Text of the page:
Shoreham EGKA, United Kingdom

In the early 1970's, I owned a Piper Arrow 200. It had a Narco DME with an analog indicator. The indicator was marked in NM. When it was searching for a lock on, the needle would sweep back and forth across the meter movement like a wind shield wiper. Finally after 10 seconds or so, it would usually lock on while the needle was sweeping and stop at the DME distance.

Later on, in 1980, we installed a KNS80 that was a Rho Theta area navigation unit with four waypoints. For each waypoint, it had a VOR frequency, a radial, and a distance. With this unit, one could proceed direct from point to point. When we installed it, having a DME in a general aviation aircraft was considered top of the line and not too many aircraft were equipped.

Then in 1990, we installed a KLN88 LORAN and could go anywhere direct to an airport, VOR, or waypoint in the database. It was approved for enroute IFR. This was replaced with a KLN90B GPS in 1996 which added IFR approval for terminal and GPS approach. In 2000, the GPS was updated to a GNS430, no new capabilities, but we could see where we were and I became a child of the magenta line. As I was selling my avionics shop, the last thing I did was replace the GPS with its larger brother the GNS530. In early 2007, the GNS530 was upgraded to WAAS. It added LPV, LNAV/VNAV, and LNAV+V procedures and I haven't used a VOR or ILS in anger since, practice only. In fact we no longer have to perform the 30 day VOR checks, although I still do. In the summer of 2009, the software in the GNS530W was upgraded to include the LP approach procedure type, but it took Jeppesen until this last database cycle (February 7, 2013) to include LP procedures in the database. Next is ADSB and maybe the ability to fly RF leg types.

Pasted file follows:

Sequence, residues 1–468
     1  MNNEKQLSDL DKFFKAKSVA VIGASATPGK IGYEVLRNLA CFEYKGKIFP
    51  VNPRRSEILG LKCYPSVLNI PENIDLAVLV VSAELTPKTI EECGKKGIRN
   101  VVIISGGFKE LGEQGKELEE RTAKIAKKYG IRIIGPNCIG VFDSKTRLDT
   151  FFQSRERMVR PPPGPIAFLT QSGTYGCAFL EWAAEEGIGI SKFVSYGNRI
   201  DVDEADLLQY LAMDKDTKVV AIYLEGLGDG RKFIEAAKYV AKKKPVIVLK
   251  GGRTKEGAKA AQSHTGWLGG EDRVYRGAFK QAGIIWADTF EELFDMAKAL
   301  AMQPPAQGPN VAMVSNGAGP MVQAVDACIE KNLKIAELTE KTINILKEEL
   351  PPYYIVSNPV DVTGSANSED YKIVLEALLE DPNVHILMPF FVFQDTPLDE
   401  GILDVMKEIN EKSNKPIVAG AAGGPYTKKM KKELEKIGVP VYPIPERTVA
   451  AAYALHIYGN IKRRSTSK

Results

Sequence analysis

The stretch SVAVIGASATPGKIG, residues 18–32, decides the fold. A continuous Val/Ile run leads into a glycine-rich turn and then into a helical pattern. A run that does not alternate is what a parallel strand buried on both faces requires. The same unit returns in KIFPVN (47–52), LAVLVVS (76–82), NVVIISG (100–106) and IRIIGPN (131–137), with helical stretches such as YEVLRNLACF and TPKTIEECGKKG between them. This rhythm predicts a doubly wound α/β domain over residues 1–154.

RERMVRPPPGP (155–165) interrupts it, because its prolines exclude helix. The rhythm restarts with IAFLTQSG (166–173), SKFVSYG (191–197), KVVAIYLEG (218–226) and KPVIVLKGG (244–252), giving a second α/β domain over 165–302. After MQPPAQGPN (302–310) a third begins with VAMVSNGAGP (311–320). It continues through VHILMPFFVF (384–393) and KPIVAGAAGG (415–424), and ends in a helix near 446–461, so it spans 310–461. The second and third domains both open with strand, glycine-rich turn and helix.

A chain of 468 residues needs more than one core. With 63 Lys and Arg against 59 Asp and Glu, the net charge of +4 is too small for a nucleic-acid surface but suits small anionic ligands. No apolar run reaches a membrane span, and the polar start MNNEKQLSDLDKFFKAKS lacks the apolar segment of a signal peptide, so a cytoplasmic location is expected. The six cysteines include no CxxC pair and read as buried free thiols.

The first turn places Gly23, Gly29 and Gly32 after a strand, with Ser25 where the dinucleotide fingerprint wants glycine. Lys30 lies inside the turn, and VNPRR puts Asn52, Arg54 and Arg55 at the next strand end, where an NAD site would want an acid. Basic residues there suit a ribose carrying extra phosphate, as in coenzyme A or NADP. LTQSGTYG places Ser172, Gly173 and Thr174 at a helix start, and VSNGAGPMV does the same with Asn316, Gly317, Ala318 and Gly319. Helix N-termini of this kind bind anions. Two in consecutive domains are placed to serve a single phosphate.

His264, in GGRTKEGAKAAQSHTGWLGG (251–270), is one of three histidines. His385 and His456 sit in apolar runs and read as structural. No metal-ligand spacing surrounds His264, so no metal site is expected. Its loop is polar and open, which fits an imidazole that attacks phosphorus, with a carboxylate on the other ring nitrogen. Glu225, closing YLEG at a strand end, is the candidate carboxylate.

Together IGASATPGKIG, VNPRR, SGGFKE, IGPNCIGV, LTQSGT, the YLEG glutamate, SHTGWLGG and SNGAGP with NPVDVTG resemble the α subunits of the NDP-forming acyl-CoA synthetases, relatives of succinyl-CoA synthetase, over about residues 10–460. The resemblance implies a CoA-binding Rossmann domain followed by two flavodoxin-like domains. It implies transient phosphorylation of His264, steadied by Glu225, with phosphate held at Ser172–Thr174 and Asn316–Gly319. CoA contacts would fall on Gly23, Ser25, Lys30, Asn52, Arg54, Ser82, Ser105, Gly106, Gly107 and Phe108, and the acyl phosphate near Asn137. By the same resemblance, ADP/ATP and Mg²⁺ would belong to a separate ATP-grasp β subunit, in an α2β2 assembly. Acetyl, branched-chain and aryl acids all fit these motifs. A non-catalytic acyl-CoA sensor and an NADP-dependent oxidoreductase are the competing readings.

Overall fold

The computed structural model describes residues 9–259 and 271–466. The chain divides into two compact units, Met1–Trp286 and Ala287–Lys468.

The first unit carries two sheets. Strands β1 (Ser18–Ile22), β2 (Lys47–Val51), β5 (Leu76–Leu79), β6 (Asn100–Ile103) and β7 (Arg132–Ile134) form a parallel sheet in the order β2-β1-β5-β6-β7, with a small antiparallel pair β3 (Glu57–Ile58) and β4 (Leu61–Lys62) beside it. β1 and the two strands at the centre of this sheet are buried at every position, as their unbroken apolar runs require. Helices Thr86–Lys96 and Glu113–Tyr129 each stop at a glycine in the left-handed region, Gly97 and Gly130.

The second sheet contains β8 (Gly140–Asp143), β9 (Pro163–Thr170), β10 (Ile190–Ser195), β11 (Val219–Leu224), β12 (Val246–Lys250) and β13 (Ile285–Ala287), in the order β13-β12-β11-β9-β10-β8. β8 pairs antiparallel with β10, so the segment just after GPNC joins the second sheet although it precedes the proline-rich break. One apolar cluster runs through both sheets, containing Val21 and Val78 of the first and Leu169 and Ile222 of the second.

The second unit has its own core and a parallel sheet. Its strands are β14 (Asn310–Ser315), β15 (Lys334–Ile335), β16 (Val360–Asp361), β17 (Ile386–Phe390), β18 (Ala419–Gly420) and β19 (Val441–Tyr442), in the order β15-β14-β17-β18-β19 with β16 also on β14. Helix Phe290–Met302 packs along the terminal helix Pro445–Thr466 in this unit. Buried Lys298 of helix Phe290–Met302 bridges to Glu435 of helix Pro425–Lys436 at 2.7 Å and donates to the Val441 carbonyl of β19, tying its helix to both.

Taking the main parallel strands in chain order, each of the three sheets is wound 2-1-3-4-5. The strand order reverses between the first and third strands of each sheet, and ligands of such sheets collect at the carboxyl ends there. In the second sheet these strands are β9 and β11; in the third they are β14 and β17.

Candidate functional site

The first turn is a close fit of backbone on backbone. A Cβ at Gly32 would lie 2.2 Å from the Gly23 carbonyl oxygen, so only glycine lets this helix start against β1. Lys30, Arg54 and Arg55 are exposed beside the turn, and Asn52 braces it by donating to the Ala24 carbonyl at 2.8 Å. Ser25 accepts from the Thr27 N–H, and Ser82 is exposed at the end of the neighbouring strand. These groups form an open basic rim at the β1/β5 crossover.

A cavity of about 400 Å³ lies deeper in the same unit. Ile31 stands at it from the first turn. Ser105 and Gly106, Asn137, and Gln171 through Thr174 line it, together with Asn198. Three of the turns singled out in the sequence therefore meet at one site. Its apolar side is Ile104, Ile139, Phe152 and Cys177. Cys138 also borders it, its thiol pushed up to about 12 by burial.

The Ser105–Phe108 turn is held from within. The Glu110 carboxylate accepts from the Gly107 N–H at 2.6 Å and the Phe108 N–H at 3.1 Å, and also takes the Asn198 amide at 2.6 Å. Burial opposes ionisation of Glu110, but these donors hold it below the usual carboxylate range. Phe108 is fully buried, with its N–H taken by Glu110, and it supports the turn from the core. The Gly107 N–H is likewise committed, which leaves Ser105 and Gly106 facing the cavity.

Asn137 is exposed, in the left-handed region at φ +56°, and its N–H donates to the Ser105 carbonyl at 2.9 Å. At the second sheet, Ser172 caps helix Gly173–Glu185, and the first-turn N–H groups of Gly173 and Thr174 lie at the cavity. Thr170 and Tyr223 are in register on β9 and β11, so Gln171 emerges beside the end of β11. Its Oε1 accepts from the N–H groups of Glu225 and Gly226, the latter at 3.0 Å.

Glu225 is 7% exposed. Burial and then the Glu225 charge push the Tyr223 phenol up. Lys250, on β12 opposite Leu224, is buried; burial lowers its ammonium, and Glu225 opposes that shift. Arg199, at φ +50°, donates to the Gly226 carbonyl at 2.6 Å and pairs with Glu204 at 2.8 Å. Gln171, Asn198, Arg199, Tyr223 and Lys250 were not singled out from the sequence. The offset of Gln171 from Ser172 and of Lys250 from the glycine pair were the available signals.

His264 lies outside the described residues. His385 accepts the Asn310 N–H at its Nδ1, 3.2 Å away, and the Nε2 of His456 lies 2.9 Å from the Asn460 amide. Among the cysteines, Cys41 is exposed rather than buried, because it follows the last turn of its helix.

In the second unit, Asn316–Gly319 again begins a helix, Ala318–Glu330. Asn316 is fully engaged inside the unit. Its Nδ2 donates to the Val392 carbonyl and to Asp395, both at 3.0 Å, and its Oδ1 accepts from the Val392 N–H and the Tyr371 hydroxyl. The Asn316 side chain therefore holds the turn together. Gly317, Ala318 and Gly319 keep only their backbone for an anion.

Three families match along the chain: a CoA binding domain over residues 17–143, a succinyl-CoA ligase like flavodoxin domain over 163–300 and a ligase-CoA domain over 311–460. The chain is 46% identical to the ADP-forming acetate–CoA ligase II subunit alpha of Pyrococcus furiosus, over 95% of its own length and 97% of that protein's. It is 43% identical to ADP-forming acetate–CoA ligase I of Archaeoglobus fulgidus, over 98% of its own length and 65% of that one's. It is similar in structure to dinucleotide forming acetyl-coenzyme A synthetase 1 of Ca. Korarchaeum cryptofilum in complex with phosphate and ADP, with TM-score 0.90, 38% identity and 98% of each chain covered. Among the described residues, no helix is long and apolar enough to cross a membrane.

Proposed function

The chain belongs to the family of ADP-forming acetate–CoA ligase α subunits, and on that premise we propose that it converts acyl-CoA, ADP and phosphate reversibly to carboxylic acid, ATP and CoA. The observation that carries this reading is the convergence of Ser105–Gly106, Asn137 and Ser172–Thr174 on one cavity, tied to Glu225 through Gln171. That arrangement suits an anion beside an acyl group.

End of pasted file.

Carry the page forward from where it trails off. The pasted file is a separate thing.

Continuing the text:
KUZA, United States

Arthur C Clarke wrote a fictional book called 'glidepath', based on his experiences working on early radar assisted landing systems. Not about VORs which weren't invented then, but still well worth a read.

You would be amazed how many KNS80s are still around.

I get asked for pre-buy views on various TB20s (because I wrote a fair bit of stuff on the topic) and I have seen several with a KNS80 in them.

It is now a useless piece of kit (other than as a DME) because, on Eurocontrol IFR flight, ATC dish out waypoints anything up to 200nm away, and there is no way to be in range of a physical VOR/DME at that distance. One can hack such a long leg with several nearby VOR/DMEs but it's a lot of work.

The funny thing is that a KNS80 can be BRNAV approved which makes it legal for exactly that

But then, here in Europe, the emperor has been stark naked for best part of 20 years...

And at low levels, UK Class G, there is often no reception at low down.

Shoreham EGKA, United Kingdom

The Germans were baffled by the accuracy (< 30m)

Surprising as the Germans had a more accurate system called Knickebein which was used on the Coventry raid. The German Consol system designed for submarines, was also very accurate and could be used in the air, it remained in use well into the 1970s outliving both Oboe and Gee. I certainly used it many times in the RAF as all you needed was a chart a pencil and a long wave radio.